- The “Garfield Minus Garfield” webcomic, created by Dan Walsh takes the famous strip, and subtracts its star feline.
- The result is a nightmare starring Jon Arbuckle, trapped in a desperate search for his imaginary cat to justify his fantasy.
- In its most famous strips, Jon’s darkest thoughts voiced to nobody reaches depths of darkness rarely found anywhere in fiction.
The comic strip Garfield has always been a funny staple of newspaper comics sections, but one notable experiment has given the series a dark makeover. Garfield Minus Garfield is a webcomic created by Dan Walsh that edits Garfield strips by creator Jim Davis that removes the titular cat and his commentary from the strips. This often leaves Garfield’s owner, Jon Arbuckle, alone and talking to himself.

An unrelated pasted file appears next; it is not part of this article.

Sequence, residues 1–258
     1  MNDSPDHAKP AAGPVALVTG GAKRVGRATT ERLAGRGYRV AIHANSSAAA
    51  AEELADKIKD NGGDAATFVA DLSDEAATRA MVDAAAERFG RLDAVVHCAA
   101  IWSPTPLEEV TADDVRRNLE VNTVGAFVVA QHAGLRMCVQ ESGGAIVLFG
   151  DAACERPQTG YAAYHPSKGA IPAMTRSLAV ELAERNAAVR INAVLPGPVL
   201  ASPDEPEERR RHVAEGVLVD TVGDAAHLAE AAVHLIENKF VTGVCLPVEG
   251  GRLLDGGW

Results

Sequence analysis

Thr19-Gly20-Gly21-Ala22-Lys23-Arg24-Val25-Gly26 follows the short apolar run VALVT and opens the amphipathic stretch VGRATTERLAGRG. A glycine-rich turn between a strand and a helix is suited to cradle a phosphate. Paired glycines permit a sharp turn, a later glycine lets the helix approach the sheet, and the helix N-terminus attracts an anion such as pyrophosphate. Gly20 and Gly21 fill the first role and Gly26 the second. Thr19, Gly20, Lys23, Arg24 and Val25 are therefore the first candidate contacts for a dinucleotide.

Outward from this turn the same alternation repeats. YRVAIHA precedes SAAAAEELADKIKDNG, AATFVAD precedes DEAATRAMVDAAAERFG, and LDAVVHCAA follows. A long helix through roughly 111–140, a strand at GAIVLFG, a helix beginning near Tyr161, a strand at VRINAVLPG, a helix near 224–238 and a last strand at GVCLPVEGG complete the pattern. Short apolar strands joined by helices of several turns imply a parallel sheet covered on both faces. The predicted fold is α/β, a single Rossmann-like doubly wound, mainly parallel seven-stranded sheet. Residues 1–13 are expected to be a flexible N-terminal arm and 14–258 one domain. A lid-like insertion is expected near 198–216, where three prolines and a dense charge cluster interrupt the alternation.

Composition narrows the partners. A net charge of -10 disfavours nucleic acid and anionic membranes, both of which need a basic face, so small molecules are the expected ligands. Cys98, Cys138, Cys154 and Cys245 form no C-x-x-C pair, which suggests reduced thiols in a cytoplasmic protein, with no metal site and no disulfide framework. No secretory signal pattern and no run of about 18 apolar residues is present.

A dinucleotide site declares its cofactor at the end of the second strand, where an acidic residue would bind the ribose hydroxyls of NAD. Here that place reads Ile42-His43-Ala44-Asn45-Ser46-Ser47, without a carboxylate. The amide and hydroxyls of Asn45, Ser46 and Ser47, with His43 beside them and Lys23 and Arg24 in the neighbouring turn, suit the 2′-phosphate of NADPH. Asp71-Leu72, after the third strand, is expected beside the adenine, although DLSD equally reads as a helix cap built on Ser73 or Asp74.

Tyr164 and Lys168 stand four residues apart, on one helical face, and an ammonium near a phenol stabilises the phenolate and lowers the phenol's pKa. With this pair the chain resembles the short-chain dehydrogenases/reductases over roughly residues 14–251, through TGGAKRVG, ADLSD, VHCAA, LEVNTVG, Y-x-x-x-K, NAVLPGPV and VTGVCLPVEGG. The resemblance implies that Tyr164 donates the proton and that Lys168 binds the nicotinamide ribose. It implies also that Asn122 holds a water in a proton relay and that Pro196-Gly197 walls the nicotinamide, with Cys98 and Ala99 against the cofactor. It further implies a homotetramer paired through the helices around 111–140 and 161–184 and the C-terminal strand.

The changes are always unforgettable, and often for the darkest possible reasons. Many strips present Jon as lonely, downbeat and quite sad. Of all the Garfield Minus Garfield strips, the following 15 stand out as some of the darkest to ever be created.
15 “Where’s Garfield?” Asks The Most Chilling Question
One of the simplest Garfield Minus Garfield strips simply shows Jon trying to enjoy a cup of coffee before looking around and asking “Where’s Garfield?”. Ordinarily, readers would wonder what sort of mischief the lasagna-loving cat would be getting into. But in the context of these edits, Jon’s thoughts become a bit more alarming. Is Jon slowly realizing that Garfield isn’t real or is he desperately trying to cling to the fantasy that his cat is still around?
14 “Cat Hair” Captures Jon’s Fractured Psyche